Five Spice Chicken & Orange Salad*

Turkey Mini Meatloaves*

Warm Chicken Sausage & Potato Salad*

EatingWell’s Pepperoni Pizza

Ham & Swiss Rosti*

Chicken “Fried” Steak & Gravy

Beef & Portobello Mushroom Stroganoff

EatingWell’s Baked Macaroni & Cheese*

Weeknight Roast Chicken

January 19th, 2010
Roast Chicken and Green Beans

Juicy Roast Chicken and Green Beans

I know I said I’d cook more using recipes from my vast collection of cookbooks, but it was just one of those days. At work, tired, wanting something healthy and delicious to eat for dinner, but not wanting to cook. I knew I needed something to blog about, but whatever; the blog post could wait. I was thinking perhaps I’d pick up a rotisserie chicken from the local rotisserie chicken place or from Whole Foods and be done with it. No pans to clean, no carving, no hassle. That’s when I ran across a blog post by Michael Ruhlman, “America: Too Stupid To Cook,” and hung my head in shame.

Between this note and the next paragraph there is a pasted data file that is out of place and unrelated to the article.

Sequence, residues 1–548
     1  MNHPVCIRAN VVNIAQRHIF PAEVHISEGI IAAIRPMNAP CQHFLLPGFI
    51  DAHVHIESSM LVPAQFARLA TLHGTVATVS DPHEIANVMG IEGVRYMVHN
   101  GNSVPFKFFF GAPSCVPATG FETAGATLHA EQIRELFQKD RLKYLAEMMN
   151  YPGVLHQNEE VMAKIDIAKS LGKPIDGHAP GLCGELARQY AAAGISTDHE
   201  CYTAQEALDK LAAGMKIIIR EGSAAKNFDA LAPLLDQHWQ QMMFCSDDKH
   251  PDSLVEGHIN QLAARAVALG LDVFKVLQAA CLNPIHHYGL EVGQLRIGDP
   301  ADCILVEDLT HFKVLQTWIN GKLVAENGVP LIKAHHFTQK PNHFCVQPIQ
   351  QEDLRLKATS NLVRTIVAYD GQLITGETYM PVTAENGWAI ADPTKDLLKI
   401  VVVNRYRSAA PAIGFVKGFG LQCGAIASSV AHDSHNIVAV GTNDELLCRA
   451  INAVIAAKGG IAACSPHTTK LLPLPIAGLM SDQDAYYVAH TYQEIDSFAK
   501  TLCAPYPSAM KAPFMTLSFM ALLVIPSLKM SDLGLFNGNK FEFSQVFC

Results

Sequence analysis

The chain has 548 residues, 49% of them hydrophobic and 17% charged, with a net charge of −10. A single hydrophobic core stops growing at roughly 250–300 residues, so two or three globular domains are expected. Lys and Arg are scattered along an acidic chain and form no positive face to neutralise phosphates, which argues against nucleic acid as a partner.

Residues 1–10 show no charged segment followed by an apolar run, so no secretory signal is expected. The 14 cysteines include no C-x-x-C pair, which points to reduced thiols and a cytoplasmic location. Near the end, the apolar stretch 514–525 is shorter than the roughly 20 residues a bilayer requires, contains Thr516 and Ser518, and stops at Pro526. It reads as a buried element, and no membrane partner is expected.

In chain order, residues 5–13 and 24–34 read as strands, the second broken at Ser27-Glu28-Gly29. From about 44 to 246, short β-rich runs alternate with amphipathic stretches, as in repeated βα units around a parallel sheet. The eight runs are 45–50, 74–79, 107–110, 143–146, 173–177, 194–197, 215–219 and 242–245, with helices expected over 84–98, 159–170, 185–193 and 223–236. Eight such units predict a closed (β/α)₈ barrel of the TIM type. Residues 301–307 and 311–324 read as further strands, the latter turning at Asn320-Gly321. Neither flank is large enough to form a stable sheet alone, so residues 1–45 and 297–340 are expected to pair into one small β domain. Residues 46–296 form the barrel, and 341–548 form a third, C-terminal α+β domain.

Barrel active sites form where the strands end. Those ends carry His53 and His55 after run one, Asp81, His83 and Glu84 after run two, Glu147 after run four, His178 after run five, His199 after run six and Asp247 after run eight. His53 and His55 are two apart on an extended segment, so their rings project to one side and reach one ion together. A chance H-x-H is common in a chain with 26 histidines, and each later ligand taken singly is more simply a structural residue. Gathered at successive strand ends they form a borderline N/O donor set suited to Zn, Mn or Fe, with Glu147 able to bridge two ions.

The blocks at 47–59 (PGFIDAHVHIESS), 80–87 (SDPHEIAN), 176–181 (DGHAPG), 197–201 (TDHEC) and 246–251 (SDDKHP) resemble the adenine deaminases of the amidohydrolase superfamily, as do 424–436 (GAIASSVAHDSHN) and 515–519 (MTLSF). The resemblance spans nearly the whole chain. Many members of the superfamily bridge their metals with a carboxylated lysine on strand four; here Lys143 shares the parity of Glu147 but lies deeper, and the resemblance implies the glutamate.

The point of Mr. Ruhlman’s article is a bit different than this post, which is meant to give weeknight cooking a bit of perspective, but worth noting. Briefly, Mr. Ruhlman’s point is that Americans are made by the media to feel as if they aren’t talented enough to put a meal on the table unless it comes from a microwaveable box, or if they are specifically told a recipe is easy. I can’t agree with him more. Even shortcuts from shows like The Food Network’s 30 Minute Meals may overwhelm many. We never seem to have all the ingredients, and frankly it seems like so much work. To some, watching Rachael Ray, the show’s host, make one meal in her perfectly-organized kitchen with plenty of counter space is akin to watching a short-order cook assemble 20 breakfasts simultaneously. It’s daunting, and makes people uncomfortable in their own kitchens. (Note that I disagree with Ruhlman’s putdown of 30 Minute Meals. Watching Ms. Ray cook, or for that matter exist on this planet, may be akin to enduring nails on a blackboard (my thoughts, not his), but for the most part the show provides relatively-healthy, well-rounded recipes, that do involve “real cooking.” More power to her producers if the show actually does motivate some people to get past their fears and into their kitchens to cook.) Mr. Ruhlman goes on to state, “…the notion that cooking is hard and that it takes a long time and we’re just too stupid to cook is wrong.”